‘We’re still losing kids’: Young panelists discuss intergenerational trauma at Iqaluit conference

By Jeff Pelletier, Local Journalism Initiative Reporter

A panel of young adults spoke of how intergenerational trauma from residential schools continues to impact their lives and communities, on the final day of the National Gathering on Unmarked Burials in Iqaluit.

Four young people, two of them Nunavummiut, told their stories and also shared messages of hope on Thursday afternoon.

The panel was one of the final events at the three-day gathering organized by the office of Kimberly Murray, the federally appointed special interlocutor for missing children and unmarked graves and burial sites.

While the focus was on northern voices, the gathering was attended by representatives from Inuit, First Nations and Métis communities from across Canada.

Pakak Picco of Iqaluit, one of the youth panelists, emotionally described dealing with the loss of friends to suicide and substance use.

A common factor among all those friends, he said, was intergenerational trauma caused by residential schools and day schools.

“In the last 12 months, I’ve lost three close friends and relatives, people I enjoy hunting on the land with,” Picco said.

“Whenever I get sad about it, I feel like — the federal government or the churches, I feel like they won sometimes because here we are in 2024, 2023” and “we’re still losing kids.”

Despite the loss, Picco said he sees a lot of hope.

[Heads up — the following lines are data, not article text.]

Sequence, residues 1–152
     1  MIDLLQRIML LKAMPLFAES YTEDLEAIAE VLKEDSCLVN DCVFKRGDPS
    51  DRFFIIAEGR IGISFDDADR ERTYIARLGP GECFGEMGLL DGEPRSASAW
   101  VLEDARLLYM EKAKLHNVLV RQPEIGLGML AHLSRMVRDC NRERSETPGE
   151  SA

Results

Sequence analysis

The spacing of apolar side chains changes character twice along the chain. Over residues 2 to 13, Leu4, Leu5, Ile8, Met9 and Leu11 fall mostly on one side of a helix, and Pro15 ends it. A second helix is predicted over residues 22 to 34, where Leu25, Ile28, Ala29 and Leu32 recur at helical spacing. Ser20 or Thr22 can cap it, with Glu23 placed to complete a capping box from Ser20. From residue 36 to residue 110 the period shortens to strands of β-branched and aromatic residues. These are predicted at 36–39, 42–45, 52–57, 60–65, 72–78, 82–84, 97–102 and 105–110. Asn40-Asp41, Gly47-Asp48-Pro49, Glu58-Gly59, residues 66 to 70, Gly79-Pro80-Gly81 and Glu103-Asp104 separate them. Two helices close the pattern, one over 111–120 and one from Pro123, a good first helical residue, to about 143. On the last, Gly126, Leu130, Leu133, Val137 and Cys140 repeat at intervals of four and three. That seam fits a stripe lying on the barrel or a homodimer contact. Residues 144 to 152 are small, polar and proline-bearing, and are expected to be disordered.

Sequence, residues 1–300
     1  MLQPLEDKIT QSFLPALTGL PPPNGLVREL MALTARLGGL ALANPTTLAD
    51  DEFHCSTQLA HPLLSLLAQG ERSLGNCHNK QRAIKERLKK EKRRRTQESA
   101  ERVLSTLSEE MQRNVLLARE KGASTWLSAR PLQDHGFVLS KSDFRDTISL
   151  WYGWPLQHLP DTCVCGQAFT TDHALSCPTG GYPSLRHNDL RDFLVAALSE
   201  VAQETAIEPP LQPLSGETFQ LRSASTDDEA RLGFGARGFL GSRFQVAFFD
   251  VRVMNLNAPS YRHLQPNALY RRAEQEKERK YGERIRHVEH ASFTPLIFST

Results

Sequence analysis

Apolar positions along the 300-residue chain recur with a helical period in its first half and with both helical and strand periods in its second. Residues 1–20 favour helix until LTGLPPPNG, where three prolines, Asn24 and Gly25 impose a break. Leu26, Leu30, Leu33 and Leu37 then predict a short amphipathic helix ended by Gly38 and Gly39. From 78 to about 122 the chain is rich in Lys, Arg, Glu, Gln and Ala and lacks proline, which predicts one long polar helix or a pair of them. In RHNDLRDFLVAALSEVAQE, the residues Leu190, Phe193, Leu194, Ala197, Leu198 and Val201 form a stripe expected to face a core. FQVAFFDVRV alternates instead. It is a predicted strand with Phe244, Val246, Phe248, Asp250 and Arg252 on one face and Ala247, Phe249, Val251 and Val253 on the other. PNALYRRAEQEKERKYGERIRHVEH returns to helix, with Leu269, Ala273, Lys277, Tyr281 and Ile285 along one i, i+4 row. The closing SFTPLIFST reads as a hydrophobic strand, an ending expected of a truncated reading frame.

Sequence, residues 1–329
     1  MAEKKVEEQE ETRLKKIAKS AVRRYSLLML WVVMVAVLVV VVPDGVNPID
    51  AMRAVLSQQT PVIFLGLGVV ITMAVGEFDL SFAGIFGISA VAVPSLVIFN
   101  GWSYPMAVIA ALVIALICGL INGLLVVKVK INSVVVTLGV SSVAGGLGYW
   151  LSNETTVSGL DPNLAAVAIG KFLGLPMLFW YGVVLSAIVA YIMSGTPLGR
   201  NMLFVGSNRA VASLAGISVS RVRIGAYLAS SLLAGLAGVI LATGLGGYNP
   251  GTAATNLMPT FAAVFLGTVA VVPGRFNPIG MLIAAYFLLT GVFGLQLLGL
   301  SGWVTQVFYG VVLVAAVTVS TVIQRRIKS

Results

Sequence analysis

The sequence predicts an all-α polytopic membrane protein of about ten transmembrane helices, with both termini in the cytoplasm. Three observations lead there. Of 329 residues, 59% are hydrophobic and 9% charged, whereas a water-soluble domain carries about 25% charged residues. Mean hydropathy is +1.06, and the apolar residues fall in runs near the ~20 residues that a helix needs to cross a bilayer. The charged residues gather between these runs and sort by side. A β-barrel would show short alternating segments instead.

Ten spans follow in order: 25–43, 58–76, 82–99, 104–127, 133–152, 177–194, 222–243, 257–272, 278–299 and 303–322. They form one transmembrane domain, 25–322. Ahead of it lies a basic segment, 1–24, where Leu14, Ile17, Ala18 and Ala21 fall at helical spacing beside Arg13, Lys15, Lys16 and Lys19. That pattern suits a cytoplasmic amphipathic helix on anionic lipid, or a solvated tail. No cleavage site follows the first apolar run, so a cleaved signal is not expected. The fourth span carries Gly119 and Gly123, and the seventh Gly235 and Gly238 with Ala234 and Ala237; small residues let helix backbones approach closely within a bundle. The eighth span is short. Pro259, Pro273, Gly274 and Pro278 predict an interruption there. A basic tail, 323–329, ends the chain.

He praised the Embrace Life Council for its healing initiatives and described the Aqqusariaq Nunavut Recovery Centre, which is currently under construction in Iqaluit, as something that will benefit people in the future.

He said he sees hope in gatherings like the one this week in Iqaluit with its audience of elders and survivors.

“We have to keep going for the youth,” Picco said, adding “it helps my heart when I see gatherings like this because it’s a shared experience.

“It’s not just our community or me feeling like this; in every community, there’s people suffering the way we are here and it all traces back to one thing.”

Jody Tulurialik of Taloyoak shared her own similar experience dealing with loss.

She referred to the previous day’s survivors’ panel during which Navalik Tologanak of Cambridge Bay highlighted barriers to receiving healing services from elders.

“There are many instances where us Kitikmiut do not have access to resources that Kivallimiut and Qikiqtaalumiut have access to,” Tulurialik said.

“I’d like to see more collaborative projects, spaces and organizations between all the regions in Nunavut.”

Megan Metz, from Haisla Nation, B.C., offered a message of resiliency.

“We cannot forget all that we have held on to in spite of these very intentional efforts to strip us of who we are,” she said.

“One day, all of us will be the ancestors that the upcoming generations will speak of so we should, in turn, honour ourselves, remember who we are and respect ourselves and our stories.”

The conference portion of the gathering ended Thursday evening with closing remarks from Murray, who echoed the comments of the four youth panelists.

“You are making us proud and you are making your ancestors proud,” she said.

Nearing the end of her two-year appointment as special interlocutor, Murray said her big task in the coming months is to compile what’s been discussed at all national gatherings held across Canada and file a report to the federal government establishing a legal framework on missing Indigenous children and unmarked graves.

Those findings will be published during a gathering in Ottawa in June.

“In my view, Canada is committing a crime if it does not help communities find all the disappeared children,” Murray said.

“Thank you for sharing your knowledge and thank you for leading the country as we continue along this path to recover the children.”

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